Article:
Congress has identified "Silver Ring Thing" ( as a model prevention program in the five-year global fight against HIV/AIDS. This self-described "faith-based abstinence message" alone received $700,000 in federal money last year to use comedy and music videos to convince middle and high school students to pledge virginity until marriage and don silver rings on their fingers as proof. Students follow up with an abstinence Bible-study. Conveniently, a "second virginity" is offered to those who have been sexually active in the past. The Silver Ring Thing website lists the names of sexually transmitted infections and pregnancy rates for girls eight times on their statistics page; they mention boys once. There is no mention of condoms.

While called "abstinence-only," the programs are in essence virginity-based and they pride themselves on not addressing the "graphic terms better left to parents to discuss." In doing so the programs leave the door open for teens to make unsafe sexual choices while operating under the belief that they are still virgins. The ranks of those "saving themselves" by being blowjob queens are increasing as oral sex is on the rise. While oral sex is most prevalent among white teens, it is young black men between 15 and 17 who report the greatest increase in one longitudinal study, jumping from 25 percent in 1988 to 57 percent in 1995, the last year rates were reported in the National Survey of Adolescent Males.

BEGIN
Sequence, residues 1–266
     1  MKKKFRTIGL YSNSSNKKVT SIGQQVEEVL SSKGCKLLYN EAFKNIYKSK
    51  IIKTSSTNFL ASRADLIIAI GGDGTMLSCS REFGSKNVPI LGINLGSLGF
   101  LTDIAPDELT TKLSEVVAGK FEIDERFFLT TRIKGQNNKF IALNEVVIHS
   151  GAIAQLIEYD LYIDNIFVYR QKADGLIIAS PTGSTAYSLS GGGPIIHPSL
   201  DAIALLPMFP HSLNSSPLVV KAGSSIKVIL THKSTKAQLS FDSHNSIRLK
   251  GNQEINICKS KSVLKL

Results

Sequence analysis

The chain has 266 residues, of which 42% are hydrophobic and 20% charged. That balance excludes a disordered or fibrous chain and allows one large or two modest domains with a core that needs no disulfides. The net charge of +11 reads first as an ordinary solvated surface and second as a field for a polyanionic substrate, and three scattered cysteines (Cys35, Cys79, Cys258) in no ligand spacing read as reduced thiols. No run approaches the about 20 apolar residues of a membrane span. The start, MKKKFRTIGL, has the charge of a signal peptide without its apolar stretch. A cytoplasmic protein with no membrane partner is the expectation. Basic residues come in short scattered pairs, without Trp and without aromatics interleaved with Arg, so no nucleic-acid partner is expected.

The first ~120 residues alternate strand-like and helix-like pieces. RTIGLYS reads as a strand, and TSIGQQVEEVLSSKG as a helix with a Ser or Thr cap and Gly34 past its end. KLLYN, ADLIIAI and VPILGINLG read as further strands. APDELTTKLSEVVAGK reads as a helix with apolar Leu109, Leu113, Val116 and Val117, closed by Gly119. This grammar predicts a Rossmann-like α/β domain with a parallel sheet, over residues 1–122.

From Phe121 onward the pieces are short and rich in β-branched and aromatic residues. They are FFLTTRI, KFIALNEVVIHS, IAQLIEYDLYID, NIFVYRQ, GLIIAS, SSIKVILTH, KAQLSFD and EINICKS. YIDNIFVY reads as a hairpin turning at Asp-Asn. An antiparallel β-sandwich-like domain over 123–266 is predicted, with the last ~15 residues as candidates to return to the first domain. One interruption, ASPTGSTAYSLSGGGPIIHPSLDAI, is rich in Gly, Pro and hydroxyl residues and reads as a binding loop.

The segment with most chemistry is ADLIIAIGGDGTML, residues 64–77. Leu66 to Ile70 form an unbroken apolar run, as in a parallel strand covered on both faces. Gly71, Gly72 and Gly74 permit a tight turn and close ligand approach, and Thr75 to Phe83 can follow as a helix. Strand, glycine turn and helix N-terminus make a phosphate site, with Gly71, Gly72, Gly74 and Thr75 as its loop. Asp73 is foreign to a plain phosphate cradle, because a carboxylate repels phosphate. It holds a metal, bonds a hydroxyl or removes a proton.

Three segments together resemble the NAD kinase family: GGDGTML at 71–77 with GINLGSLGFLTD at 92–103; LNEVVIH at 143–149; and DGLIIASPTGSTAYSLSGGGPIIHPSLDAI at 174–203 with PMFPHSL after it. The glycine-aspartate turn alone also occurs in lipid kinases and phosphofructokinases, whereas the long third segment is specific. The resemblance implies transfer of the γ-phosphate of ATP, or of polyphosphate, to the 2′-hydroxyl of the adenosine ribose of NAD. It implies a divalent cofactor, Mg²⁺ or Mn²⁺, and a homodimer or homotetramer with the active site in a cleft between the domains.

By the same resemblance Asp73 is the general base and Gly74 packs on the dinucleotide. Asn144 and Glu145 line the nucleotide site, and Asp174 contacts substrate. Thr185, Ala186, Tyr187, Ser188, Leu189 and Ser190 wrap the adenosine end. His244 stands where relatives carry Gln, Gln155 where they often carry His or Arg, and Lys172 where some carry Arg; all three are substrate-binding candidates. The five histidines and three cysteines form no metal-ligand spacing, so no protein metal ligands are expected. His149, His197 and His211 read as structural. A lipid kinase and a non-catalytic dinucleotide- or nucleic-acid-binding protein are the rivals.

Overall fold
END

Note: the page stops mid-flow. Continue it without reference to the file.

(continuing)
Many teens say that oral sex does not count as sex. Of those who describe themselves as "not sexually active," 13 percent report having oral sex, according to the National Survey of Adolescents and Young Adults. And almost 30 percent of Latino teens consider oral sex to be "safer sex," according to the survey. Nearly half of those who are sexually active consider oral sex the "safer sex." Teens believe oral sex is "not as big a deal" as sexual intercourse. More disturbingly, sexually active girls are twice as likely as sexually active boys to report having had oral sex to avoid intercourse.

Virginity vs. Disease